Faisal Saeed al Romaithi is a rarity within the Emirati business community.
During breaks from university, shortly after his family opened Cassells Hotel Apartments in Abu Dhabi in 2000, Mr al Romaithi could be found working at the reception desk, booking reservations and checking in guests, or scrutinising rooms as the supervisor of housekeepers.
Over the years he has earned a Bachelor's degree in management and marketing, and a Master's in human resources management, while also working in his family's expanding hotel business as a sales and marketing director and general manager.
"Last week I was bored and I told the receptionist I'm working with you," says Mr al Romaithi, the vice chairman of Cassells Group, which opened a third hotel last year in Dubai. "I like to sit and talk with the guests. I like to get their feedback."
Emiratis including Mr al Romaithi make up only 0.96 per cent of people working in the regional tourism industry, which encompasses hotels, travels agencies and tour-guide outfits.
While 10 per cent of his own staff are Emiratis, he says his target is to quadruple that amount and ultimately have a staff wholly made up of Emiratis.
Mr al Romaithi has been busy tapping into industry data and his business network while researching his PhD thesis, the topic of which is why there are not more Emiratis in this sector, and how to change this.
"I hire locals," he says. "It was challenging at the beginning, especially because the families don't want their daughters and sons to work in hospitality because it's taboo.
"This is changing. People are understanding that tourism is a major contributor to the UAE economy."
Others in the industry have also seen changes. Toufic Tamin, the vice president of sales and marketing for the Middle East at Moevenpick Hotels & Resorts, says its UAE properties have been hiring more nationals for the sales department.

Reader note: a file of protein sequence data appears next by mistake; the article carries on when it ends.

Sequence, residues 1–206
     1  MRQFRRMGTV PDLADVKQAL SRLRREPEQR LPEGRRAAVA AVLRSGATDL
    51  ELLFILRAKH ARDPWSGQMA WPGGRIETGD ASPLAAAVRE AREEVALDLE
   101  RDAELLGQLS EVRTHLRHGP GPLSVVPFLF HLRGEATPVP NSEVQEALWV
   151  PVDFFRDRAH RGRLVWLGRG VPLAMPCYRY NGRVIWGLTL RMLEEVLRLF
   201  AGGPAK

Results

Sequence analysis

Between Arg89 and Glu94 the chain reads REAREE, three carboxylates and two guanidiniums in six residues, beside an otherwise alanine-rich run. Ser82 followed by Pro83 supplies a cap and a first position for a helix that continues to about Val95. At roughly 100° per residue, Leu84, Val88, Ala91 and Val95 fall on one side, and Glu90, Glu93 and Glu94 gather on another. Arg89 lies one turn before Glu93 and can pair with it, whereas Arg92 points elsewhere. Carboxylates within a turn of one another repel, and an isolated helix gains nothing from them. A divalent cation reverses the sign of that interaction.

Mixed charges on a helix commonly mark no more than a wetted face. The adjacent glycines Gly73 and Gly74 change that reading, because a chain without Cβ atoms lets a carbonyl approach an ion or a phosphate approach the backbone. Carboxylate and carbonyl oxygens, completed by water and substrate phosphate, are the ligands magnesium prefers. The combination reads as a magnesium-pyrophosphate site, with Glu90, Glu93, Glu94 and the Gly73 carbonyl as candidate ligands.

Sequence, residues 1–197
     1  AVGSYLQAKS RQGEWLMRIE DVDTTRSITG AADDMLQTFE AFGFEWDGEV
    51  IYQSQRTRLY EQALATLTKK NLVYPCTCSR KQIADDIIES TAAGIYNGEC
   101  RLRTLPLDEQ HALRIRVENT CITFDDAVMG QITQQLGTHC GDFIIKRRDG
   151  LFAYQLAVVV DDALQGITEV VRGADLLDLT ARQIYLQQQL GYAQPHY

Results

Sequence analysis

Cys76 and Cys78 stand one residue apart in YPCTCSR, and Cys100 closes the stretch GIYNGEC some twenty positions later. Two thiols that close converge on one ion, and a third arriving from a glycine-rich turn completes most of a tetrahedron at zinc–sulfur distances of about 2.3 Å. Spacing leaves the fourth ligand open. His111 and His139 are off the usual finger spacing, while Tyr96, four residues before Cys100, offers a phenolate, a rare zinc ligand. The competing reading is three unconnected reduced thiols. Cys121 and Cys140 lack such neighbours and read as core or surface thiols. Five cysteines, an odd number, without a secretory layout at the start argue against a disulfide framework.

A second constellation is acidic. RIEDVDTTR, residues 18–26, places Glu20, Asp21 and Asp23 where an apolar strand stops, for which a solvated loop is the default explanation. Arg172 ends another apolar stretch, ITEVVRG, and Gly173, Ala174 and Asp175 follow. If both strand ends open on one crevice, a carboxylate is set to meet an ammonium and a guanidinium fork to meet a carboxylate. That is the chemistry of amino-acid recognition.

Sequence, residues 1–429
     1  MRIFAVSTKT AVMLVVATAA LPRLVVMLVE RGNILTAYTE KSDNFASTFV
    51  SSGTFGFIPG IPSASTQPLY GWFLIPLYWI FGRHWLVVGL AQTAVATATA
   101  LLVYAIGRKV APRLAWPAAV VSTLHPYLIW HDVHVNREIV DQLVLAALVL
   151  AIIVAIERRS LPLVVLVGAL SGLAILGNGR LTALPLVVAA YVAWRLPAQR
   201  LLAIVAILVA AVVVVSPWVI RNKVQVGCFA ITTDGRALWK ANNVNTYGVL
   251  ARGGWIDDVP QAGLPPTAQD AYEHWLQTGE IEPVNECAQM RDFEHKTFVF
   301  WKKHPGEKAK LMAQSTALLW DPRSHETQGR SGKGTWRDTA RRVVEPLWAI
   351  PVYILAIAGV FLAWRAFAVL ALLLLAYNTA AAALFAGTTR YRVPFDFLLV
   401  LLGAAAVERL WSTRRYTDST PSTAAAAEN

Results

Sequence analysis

Mr Tamin says locals are also showing interest in working at the front desk and in public relations.
"Perhaps more attention or training should be given to the nationals for the food and beverage department because that is the thing we haven't seen much development in," he says. "But it will come. It should come."
Over the next year, the Abu Dhabi Tourism Authority (ADTA) is working to more than double the proportion of Emiratis in the capital's tourism sector to 2 per cent.
Atef Abdulla al Bastaki, who heads the ADTA's nationalisation initiatives, also oversees its Ambassador Programme, where university students and workers nominated by organisations, including Etihad Airways and the Abu Dhabi Police, are taught about local sites and history to help to educate foreign visitors.
"I'm promoting Emiratis in the industry and introducing the industry to the Emiratis," Mr al Bastaki says. "Basically, I'm the middle man."
And as that middle man he has quite a gap to bridge. He says there are 400 vacancies for Emiratis in the regional hotel business.
But while there are 12,000 nationals actively seeking jobs, they often disregard hospitality because the working hours are significantly longer than other sectors and earn lower overall pay.
That is why Mr al Bastaki and the ADTA have been working closely with hoteliers, some of whom have suggested flexible working hours to get more Emiratis into areas such as finance, marketing, human resources and administration.
He is also leading a team of colleagues from the ADTA to research how much Emiratis earn in the government sector compared with the private sector, and specifically within the hotel industry.
At the same time, Mr al Bastaki is working with outside partners to have funding introduced to help fill the salary gap for nationals interested working in this sector but deterred by lower wages.
"It's just going to take some time," he says.